"Would you like to read this up before our next chat. Or I am happy to run you through it as well, if that's easier", she said.

Something about that "or" stood out. It didn't feel like she wanted me to pick one option over another. It even seemed like she would be open to a whole another option. It basically lowered the tension in the room and opened it up a little bit. It felt inviting in a nonchalant way.

Oh don't get me wrong not everyone who says "or" means that-- sometimes there's definitely a passive aggressive preference for one option over the other, somehow it's a test you know you can't win; or sometimes, especially in British workplaces, it feels like the polite thing to do, but then when someone picks you up on your least-liked option, you instantly resent that person even if just a little bit?

But even so, "or" is beautiful. Unlike an "and" that expects you to deliver the sun and the moon and then some more, unlike the "neither" that just quietly disapproves of every option you came up with and almost covertly the options that you haven't yet thought of or articulated either... "or" doesn't demand, doesn't seek to control, doesn't seek certainty...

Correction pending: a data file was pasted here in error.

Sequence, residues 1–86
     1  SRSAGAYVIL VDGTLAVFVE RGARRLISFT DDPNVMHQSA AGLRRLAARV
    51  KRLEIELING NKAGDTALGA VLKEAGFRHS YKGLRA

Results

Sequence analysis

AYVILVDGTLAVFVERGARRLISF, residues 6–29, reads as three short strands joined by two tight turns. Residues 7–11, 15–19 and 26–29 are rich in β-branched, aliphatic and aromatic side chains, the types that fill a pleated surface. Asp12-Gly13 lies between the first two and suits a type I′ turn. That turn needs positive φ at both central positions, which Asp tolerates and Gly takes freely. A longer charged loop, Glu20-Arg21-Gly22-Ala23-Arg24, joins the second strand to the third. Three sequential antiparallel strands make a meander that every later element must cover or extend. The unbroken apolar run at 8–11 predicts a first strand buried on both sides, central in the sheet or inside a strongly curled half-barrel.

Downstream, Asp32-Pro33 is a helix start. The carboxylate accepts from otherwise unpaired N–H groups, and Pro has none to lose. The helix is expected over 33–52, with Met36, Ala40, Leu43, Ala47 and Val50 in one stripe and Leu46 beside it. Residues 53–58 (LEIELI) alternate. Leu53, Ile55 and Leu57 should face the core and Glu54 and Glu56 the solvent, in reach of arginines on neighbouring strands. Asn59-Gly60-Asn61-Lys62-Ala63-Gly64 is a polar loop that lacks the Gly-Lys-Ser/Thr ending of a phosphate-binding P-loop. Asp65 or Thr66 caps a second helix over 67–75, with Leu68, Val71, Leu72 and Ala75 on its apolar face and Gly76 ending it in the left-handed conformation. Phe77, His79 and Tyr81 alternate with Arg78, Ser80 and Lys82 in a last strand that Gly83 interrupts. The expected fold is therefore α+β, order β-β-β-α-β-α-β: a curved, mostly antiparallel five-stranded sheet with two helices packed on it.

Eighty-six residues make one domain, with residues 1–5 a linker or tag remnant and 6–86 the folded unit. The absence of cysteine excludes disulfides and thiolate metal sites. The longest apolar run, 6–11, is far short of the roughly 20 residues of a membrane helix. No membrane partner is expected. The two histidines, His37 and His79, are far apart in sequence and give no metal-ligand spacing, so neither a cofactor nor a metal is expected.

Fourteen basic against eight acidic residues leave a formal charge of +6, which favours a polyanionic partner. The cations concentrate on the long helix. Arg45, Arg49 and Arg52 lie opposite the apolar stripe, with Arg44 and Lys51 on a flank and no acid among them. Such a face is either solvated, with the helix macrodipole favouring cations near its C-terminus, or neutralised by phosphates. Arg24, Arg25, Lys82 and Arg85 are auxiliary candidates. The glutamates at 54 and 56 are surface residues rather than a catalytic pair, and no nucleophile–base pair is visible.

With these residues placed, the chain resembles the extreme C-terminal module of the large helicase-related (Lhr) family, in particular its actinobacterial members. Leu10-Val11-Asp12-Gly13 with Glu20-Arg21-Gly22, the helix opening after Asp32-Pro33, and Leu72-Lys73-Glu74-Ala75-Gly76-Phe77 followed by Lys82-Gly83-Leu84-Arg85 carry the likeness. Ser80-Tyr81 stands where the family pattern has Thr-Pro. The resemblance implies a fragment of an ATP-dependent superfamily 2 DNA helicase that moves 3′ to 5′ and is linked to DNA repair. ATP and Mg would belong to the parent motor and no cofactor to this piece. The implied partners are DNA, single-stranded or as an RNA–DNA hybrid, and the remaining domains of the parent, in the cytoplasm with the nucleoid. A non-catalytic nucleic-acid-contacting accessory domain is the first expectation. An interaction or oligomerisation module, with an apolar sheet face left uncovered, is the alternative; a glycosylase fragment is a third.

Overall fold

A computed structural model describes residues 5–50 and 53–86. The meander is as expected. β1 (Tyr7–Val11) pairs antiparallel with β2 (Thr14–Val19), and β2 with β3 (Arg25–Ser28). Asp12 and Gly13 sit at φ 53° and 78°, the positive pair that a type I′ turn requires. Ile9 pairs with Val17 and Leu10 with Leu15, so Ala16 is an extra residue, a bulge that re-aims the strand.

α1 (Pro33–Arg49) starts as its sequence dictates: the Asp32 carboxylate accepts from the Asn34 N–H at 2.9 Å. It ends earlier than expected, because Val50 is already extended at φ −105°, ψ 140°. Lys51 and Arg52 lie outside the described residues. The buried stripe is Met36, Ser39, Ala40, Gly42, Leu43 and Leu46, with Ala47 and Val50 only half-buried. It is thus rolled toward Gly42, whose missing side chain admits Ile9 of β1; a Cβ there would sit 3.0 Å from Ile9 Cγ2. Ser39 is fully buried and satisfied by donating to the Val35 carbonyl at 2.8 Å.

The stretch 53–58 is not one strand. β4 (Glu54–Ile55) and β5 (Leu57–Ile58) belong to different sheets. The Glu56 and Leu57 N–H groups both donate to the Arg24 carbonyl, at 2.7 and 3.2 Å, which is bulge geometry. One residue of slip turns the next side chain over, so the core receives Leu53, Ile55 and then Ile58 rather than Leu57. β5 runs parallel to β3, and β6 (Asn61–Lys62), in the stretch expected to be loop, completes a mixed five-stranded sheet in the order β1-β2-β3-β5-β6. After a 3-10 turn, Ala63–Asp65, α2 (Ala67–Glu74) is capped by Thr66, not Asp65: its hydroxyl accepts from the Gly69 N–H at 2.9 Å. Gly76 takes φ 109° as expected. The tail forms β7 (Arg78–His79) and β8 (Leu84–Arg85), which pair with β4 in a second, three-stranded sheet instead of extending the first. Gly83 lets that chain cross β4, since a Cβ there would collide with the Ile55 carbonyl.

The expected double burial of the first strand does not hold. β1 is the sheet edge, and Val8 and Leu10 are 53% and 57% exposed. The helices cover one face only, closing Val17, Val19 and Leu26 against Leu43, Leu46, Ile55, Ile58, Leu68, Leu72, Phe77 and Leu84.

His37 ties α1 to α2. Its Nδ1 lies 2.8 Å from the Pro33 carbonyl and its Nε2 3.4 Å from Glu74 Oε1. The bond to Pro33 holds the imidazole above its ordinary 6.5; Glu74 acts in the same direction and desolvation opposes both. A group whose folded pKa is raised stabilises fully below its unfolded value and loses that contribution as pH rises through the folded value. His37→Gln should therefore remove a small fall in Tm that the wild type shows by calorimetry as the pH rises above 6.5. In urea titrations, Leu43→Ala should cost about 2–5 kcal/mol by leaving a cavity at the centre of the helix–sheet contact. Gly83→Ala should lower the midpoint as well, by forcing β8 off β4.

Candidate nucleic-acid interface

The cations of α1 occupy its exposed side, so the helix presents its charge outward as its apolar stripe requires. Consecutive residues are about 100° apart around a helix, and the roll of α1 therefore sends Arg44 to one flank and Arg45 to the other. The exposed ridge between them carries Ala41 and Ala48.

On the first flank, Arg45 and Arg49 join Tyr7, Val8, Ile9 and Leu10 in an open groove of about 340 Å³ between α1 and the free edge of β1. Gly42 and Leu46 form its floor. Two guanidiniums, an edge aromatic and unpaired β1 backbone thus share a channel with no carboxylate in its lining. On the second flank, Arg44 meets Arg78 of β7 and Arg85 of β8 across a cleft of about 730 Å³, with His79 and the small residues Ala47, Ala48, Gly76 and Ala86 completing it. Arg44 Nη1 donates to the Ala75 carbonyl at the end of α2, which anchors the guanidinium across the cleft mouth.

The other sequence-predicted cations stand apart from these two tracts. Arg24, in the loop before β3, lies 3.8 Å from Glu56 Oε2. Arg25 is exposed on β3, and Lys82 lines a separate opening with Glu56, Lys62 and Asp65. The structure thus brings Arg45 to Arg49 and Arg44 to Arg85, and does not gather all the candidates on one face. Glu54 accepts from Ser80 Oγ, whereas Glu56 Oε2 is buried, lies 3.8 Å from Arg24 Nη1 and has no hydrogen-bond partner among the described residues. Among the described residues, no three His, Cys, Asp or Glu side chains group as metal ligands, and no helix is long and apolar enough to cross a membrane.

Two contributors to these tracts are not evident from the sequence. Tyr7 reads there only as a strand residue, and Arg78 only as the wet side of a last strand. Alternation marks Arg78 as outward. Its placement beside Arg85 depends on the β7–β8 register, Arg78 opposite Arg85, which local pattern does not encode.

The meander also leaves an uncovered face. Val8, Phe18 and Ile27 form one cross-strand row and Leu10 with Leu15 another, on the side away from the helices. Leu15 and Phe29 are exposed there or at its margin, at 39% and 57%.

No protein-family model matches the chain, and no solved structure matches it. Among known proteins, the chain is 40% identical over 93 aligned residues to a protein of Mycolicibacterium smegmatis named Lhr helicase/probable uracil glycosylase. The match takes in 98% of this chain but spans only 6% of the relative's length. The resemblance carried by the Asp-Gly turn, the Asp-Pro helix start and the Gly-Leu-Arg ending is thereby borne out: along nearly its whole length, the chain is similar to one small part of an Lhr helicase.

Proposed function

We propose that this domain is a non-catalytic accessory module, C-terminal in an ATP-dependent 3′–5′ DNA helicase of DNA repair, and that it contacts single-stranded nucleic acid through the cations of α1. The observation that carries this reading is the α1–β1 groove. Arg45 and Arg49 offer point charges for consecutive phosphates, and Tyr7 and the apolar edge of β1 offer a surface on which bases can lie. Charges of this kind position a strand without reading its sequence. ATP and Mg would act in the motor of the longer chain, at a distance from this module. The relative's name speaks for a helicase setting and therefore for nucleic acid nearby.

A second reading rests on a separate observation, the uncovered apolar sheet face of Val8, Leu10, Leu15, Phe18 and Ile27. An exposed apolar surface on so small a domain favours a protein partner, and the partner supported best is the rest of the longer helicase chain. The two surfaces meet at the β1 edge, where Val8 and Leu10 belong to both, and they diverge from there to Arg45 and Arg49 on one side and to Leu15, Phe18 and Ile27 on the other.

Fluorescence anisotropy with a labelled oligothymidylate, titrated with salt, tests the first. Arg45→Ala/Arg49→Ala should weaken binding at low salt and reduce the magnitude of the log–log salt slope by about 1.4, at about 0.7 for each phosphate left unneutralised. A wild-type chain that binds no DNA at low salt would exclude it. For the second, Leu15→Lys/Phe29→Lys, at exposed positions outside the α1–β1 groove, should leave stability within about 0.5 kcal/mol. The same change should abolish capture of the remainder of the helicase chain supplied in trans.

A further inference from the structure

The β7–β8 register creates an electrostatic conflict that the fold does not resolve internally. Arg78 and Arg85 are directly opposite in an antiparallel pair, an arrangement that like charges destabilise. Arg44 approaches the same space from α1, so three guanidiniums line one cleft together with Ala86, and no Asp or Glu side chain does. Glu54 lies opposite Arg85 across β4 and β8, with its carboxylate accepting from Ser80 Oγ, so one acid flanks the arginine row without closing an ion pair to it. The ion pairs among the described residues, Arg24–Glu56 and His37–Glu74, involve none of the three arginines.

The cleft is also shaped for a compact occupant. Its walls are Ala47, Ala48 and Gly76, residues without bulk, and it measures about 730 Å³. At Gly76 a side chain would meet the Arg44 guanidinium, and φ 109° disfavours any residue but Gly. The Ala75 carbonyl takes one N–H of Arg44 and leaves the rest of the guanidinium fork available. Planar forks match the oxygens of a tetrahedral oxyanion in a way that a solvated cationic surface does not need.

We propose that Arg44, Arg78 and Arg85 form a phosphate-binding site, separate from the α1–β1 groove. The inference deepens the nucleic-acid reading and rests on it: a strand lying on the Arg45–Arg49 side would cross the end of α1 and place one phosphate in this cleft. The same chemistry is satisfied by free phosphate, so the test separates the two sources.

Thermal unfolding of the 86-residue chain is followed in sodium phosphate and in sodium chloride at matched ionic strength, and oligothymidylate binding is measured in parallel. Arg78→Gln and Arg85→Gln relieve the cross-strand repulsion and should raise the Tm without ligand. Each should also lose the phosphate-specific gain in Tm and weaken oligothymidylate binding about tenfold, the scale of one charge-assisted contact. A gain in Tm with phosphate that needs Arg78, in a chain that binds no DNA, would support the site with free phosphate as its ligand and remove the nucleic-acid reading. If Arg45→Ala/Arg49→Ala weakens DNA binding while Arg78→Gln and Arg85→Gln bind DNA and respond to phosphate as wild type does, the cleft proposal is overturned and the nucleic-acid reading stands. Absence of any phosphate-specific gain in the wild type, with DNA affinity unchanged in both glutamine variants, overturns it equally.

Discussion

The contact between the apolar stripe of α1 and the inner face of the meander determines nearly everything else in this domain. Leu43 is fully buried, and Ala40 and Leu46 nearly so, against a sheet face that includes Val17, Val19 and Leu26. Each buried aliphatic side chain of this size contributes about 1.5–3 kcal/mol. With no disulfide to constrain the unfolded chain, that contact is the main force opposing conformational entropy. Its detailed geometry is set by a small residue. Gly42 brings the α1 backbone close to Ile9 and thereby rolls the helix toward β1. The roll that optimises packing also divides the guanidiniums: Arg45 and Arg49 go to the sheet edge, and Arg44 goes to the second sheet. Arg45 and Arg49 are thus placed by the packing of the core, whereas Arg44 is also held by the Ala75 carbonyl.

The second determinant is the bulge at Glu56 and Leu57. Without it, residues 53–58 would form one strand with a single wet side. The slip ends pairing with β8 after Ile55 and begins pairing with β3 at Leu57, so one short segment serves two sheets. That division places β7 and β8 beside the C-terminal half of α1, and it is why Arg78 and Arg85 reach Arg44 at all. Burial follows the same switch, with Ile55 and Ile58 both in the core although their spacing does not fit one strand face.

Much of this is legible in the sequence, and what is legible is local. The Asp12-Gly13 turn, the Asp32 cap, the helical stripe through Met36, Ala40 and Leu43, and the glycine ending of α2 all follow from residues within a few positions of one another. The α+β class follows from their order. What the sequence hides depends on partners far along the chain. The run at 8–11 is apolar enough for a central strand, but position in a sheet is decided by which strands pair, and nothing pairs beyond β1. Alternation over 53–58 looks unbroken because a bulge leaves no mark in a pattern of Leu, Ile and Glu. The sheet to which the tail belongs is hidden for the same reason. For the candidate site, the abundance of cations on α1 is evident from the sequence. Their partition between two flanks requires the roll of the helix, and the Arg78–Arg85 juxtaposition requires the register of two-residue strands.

And for that reason, it takes immense competence to utter "or". It's only when you're truly competent to deliver or work with either option on the list, it's only when you have some amount of flexibility in your being, it's only when you are open to more than one "right answer", can you even utter an "or".

Although it is such a tiny thing that often when someone utters an "or" they don't realise it! So, in a way it's almost a subconscious revelation of how confident and comfortable we are with ambiguity in a certain space. Maybe I say "or" more in my personal life because I couldn't care less. Or maybe I say "or" more in my professional life because I don't think I have the security to demand more or demand specific things.

To be fair, neither of those utterances of "or" are great. However, I still think "or" that comes from a place of psychological security and deeply caring can be a beautiful thing. What do you think? When have you said "or" more? Do you find others uttering "or" as liberating as I do? Or am I overlooking some other non-nice reasons people might say "or"? Or as a classic overthinker, am i just overthinking this too much? After all, isn't it just an "or".